How to become a better person, in 5 basic keys

In numerous Psychology and Mind articles, we have emphasized the importance of making life an exciting place to travel based on goals and objectives that keep us awake and active.

Not that we are fans of positive psychology, but we are very clear that one of the keys to happiness is precisely having the ability to continue to improve day by day.

To improve as a person: it is possible … and necessary

Make no mistake: to live is to try to surpass yourself day after day. In fact, it is often said that happiness is nothing other than the antechamber of it, that is, we are happy when we are about to achieve certain goals and objectives that we set ourselves. Happiness is not, in and of itself, a goal that we should set for ourselves – because – happiness – is rather a state of mind that accompanies us when we feel motivated to do things that we love, to spend time. with people who make us feel good, and a long etc.

The problem is, many people have burdens and responsibilities that anchor us in a gray daily life that does not motivate us enough to want to improve as people. Furthermore, we live heavily influenced by whatever has been instilled in us, and we often subconsciously act to the detriment of others, and we deceive ourselves into believing that for some reason we are doing the right thing.

Forced to be happy?

In a very interesting article, the Valencian psychologist Álvaro Saval spoke about a kind of social imperative that has taken shape over the last decade: the obligation to be (or to be like) happy people. Of course, the company traces a notion of happiness very closely linked to material success. This material success (having a good job, a good car, expensive trips …) can do us a disservice when it comes to trying to have a life that allows us to improve as a person. human beings and to serve our most genuine interests.

Happiness should not be an obligation but a natural consequence of living according to what we want to do and be, Discover our true passions and devote ourselves body and soul to them. To be better people, and therefore more connected to our environment, we need to practice and train ourselves.

5 keys to improving as a person (and being happier)

and I propose 5 keys to developing the skills you need to improve as a person, Slowly and without pause. Do you dare to try?

1. Be grateful and generous

There are a number of values ​​that have an instant effect on the people around us. Perhaps the two most important are generosity and gratitude. When we are generous, kind and grateful to someone we meet on the street or to a close relative, we have created a good rapport that affects not only how others appreciate us, but also how we perceive ourselves. It does us good to be kind to others because, after all, we are empathetic beings.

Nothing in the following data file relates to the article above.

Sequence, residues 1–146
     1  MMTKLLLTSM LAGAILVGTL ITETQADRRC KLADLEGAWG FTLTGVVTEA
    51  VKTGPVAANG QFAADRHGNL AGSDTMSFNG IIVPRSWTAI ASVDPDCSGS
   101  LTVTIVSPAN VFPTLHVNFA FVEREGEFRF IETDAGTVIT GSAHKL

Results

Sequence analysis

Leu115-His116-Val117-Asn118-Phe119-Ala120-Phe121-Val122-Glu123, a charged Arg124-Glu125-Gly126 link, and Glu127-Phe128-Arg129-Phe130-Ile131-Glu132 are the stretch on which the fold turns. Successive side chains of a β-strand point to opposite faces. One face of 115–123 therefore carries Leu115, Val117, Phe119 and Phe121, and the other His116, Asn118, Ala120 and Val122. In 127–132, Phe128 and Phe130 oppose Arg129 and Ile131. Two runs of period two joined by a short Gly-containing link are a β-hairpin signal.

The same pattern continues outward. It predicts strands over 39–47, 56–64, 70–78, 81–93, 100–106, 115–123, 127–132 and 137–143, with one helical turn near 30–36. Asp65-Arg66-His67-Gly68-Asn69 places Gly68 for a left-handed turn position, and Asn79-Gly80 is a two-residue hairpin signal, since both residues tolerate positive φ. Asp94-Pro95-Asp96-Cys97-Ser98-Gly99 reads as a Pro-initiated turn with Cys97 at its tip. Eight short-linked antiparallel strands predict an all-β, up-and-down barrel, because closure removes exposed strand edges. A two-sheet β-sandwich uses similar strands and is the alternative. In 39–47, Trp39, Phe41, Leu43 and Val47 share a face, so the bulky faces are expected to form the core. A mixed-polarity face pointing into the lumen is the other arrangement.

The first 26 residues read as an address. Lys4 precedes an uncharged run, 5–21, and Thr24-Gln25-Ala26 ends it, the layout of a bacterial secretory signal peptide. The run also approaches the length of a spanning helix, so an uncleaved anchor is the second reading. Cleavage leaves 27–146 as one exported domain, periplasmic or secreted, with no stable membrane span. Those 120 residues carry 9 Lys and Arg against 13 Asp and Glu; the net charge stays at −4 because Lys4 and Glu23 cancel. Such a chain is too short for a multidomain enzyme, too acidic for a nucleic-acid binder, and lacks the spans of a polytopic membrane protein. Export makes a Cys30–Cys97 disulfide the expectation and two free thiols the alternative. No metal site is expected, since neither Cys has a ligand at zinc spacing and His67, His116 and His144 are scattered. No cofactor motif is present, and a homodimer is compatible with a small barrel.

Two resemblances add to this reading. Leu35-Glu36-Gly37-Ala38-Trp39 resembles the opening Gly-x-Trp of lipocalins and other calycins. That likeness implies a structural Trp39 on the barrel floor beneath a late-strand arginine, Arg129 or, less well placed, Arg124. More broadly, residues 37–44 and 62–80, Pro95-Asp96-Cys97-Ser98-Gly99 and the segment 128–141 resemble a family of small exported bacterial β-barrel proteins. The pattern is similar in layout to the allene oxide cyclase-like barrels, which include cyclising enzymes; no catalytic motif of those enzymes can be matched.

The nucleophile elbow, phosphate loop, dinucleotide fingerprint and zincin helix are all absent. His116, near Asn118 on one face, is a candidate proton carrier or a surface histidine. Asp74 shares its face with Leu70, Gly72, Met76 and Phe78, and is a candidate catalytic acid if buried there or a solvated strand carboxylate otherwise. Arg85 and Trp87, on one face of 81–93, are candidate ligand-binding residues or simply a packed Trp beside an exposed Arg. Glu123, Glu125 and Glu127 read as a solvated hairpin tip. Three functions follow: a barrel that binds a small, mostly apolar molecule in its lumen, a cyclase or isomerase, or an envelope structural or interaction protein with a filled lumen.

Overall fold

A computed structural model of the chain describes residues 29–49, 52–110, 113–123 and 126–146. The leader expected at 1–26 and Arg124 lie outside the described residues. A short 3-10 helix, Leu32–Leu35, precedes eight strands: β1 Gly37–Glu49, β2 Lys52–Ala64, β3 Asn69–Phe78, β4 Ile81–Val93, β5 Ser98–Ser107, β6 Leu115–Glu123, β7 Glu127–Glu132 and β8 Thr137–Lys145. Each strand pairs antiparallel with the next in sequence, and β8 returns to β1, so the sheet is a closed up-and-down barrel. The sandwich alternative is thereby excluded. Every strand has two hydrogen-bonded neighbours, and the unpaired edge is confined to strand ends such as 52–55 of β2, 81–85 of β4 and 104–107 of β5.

In addition, gratitude paves the way for us to overcome certain trauma, anxiety and stress, helps us clear negative thoughts from our mind, and strengthens our self-image.

A good way to develop gratitude and kindness is to do selfless acts, that is, to do well without expecting to receive anything in return. This may be shocking in a cultural system based on commercial and self-interested transactions, but much research in psychology points out that support is linked to well-being, health, and longer life expectancy. It’s not about becoming Mary Teresa of Calcutta overnight, but if we start to place importance on selfless acts, it is very likely that we will feel more fulfilled and have a better emotional balance.

To channel this advice, we can choose to volunteer … or just be kind and then go about our day, with the people we live with or cross the street.

2. Anyone who has a friend has a treasure

Who has a friend does not know what he has. In a society where we pay less and less attention to each other, having one or more trusted people with whom to share unique moments is of great value to our happiness and to being better people. Of course, I am not referring to the “friends” that we may have on social networks like Facebook or others, but to real friends, those who count on the fingers of one hand and who stay.

True friends arise in the most unimaginable situations and contexts. We must be aware of the importance of caring about friendships to generate that dynamism that brings us joint projects with a colleague, or those endless conversations where we talk about anything.

One of the main causes of depression is loneliness. Living far from human treatment plunges us into a gray and monotonous reality, and therefore distances us from happiness and motivation. If you think you don’t need anyone to be happy, you’re probably trying to go wrong, because that’s not what science (and common sense) is telling us. Maintaining friendships also takes effort and selflessness many times, but it’s worth it.